Reuse of raw materials, reducing the amount of waste: objectives that everyone supports

Besides the prevention of waste, the recovery of raw materials from waste streams is necessary in order to achieve a circular economy. There is broad political support for this, at regional, national and European level. That is theory. In practice, however, it appears to be quite a challenge.

As a technology developer in (waste)water treatment, CirTec focuses among other things on the recovery of cellulose (used toilet paper) from sewage. This used toilet paper has a variety of applications, like recycled paper.

If you reclaim a renewable resource from sewageand you want to use it (as a pilot or demo) in a valuable way, then the legal status of raw material comes up for discussion. For many applications, the raw material must first be given an “end-of-waste status”. To get this status, a “demonstrated market” is required. To develop this market, a product must initially be made, which is not allowed due to the request of and end-of-waste status. See here the conflict that we face as sustainable entrepreneurs that, despite the need for a circular economy, seems difficult to figure it out.

The remarkable thing is, that while every government has circularity as a spearhead in their policy, and all chain stakeholders involved are  positive and willing to contribute constructively, it is difficult, if not impossible, to find the way in an impenetrable maze of working groups and governmental institutes. I don’t want to plead for not being less careful with the reuse of recovered raw materials. After all, we have to minimize risks to people and the environment. However, I am looking for a roadmap through the maze of regulations and responsibilities.

Within the INTERREG-NWE project WOW! (Wider Opportunities for raw materials from Wastewater) we want to clarify the legal status of raw materials from sewage. The search for unambiguous regulations exists not only in the Netherlands but also in neighbouring countries. We can try to make a roadmap with input from experts in an advisory board, so that in practice raw materials from sewage can also be converted into sustainable raw materials.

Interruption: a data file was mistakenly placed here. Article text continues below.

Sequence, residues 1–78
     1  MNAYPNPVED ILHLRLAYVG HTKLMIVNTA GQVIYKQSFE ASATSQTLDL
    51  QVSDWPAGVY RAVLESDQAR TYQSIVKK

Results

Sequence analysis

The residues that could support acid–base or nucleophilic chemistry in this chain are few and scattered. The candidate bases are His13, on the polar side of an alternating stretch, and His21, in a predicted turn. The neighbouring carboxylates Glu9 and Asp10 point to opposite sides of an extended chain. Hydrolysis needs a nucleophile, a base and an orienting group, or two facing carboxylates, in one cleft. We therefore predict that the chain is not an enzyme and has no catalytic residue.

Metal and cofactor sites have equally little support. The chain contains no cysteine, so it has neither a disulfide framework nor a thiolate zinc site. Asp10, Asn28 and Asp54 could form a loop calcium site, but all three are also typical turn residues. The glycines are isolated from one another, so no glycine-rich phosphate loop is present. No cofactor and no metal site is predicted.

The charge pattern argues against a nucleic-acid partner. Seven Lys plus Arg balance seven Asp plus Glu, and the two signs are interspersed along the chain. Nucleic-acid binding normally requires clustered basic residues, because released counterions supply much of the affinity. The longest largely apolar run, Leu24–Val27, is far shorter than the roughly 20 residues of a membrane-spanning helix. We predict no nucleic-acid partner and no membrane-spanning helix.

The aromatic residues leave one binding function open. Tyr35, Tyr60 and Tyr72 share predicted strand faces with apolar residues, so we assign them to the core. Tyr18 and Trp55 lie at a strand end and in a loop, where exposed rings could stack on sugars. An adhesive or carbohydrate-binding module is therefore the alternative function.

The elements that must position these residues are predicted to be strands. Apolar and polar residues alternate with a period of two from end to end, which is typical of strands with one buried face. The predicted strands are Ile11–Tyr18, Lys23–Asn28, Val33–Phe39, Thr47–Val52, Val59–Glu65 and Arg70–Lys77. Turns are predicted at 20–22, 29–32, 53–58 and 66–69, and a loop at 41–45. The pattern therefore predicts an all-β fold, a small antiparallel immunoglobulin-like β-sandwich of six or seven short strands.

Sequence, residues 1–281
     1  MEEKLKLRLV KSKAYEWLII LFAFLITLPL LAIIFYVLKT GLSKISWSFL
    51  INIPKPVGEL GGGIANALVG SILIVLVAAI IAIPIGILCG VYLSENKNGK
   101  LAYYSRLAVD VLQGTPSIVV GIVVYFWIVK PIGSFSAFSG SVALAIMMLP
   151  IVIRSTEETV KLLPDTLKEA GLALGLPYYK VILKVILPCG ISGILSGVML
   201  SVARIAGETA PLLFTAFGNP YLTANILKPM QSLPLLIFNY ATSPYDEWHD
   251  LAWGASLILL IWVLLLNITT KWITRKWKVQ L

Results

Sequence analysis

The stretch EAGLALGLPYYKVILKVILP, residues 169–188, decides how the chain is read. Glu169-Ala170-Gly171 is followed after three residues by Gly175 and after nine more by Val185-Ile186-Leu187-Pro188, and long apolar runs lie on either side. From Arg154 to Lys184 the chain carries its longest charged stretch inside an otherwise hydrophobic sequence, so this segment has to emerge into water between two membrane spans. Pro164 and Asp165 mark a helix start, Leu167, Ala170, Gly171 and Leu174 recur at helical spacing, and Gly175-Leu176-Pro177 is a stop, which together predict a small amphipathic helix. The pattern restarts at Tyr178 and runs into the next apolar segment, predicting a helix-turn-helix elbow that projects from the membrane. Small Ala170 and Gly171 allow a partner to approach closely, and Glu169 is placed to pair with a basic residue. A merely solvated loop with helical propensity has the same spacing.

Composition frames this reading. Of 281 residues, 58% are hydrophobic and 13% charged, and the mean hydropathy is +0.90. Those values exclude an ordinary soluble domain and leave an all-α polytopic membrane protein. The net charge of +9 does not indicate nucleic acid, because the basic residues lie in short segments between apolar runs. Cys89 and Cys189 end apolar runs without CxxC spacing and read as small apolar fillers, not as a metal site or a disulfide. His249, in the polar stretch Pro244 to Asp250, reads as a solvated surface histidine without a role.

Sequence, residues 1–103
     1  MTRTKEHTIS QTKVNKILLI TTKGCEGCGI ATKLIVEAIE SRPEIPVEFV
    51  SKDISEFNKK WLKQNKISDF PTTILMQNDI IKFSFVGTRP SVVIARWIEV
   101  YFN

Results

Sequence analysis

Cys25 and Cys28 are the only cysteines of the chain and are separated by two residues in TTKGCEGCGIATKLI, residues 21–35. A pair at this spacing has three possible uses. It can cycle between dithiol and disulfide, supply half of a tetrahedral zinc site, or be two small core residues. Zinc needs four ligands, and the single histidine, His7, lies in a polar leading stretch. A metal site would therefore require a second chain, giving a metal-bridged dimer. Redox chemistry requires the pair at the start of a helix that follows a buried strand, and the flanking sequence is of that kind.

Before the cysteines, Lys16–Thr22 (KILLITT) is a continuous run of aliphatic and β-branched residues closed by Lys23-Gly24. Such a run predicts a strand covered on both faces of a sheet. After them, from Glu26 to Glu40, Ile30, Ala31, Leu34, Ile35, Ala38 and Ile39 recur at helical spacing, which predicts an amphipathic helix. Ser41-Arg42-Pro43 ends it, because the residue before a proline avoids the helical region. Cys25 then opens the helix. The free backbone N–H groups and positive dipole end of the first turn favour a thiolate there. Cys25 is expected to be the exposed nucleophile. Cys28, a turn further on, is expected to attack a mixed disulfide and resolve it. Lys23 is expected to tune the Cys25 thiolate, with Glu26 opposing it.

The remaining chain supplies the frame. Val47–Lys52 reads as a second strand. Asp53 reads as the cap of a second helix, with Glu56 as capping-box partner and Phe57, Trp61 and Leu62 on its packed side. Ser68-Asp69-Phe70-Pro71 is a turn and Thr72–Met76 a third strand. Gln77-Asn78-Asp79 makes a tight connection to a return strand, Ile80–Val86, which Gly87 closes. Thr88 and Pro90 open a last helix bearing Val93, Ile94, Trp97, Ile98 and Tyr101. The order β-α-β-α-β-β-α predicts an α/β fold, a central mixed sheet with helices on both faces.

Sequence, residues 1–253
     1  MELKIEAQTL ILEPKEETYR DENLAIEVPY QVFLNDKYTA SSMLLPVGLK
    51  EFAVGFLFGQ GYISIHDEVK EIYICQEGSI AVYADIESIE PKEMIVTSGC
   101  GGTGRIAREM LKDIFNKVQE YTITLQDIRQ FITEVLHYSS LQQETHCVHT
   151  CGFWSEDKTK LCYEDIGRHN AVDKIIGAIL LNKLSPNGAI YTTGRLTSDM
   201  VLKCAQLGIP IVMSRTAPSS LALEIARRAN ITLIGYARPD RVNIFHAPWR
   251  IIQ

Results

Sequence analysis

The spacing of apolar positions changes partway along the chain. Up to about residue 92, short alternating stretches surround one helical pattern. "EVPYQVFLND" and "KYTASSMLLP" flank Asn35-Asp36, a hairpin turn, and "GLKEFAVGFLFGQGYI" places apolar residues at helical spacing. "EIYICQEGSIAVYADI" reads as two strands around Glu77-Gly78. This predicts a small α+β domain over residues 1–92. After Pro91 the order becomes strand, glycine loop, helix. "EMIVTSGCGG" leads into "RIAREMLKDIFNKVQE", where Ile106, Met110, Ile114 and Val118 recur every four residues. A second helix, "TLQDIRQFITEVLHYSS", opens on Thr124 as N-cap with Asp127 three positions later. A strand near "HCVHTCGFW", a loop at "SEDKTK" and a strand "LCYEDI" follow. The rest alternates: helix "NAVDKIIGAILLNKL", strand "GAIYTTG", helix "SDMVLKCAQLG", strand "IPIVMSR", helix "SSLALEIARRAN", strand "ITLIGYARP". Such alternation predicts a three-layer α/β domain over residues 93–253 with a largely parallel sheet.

If you have expertise in this area, I would like to get in touch with you.

Reuse of raw materials, reducing the amount of waste: objectives that everyone supports

Besides the prevention of waste, the recovery of raw materials from waste streams is necessary in order to achieve a circular economy. There is broad political support for this, at regional, national and European level. That is theory. In practice, however, it appears to be quite a challenge.

As a technology developer in (waste)water treatment, CirTec focuses among other things on the recovery of cellulose (used toilet paper) from sewage. This used toilet paper has a variety of applications, like recycled paper.

If you reclaim a renewable resource from sewageand you want to use it (as a pilot or demo) in a valuable way, then the legal status of raw material comes up for discussion. For many applications, the raw material must first be given an “end-of-waste status”. To get this status, a “demonstrated market” is required. To develop this market, a product must initially be made, which is not allowed due to the request of and end-of-waste status. See here the conflict that we face as sustainable entrepreneurs that, despite the need for a circular economy, seems difficult to figure it out.

The remarkable thing is, that while every government has circularity as a spearhead in their policy, and all chain stakeholders involved are  positive and willing to contribute constructively, it is difficult, if not impossible, to find the way in an impenetrable maze of working groups and governmental institutes. I don’t want to plead for not being less careful with the reuse of recovered raw materials. After all, we have to minimize risks to people and the environment. However, I am looking for a roadmap through the maze of regulations and responsibilities.

Within the INTERREG-NWE project WOW! (Wider Opportunities for raw materials from Wastewater) we want to clarify the legal status of raw materials from sewage. The search for unambiguous regulations exists not only in the Netherlands but also in neighbouring countries. We can try to make a roadmap with input from experts in an advisory board, so that in practice raw materials from sewage can also be converted into sustainable raw materials.

If you have expertise in this area, I would like to get in touch with you.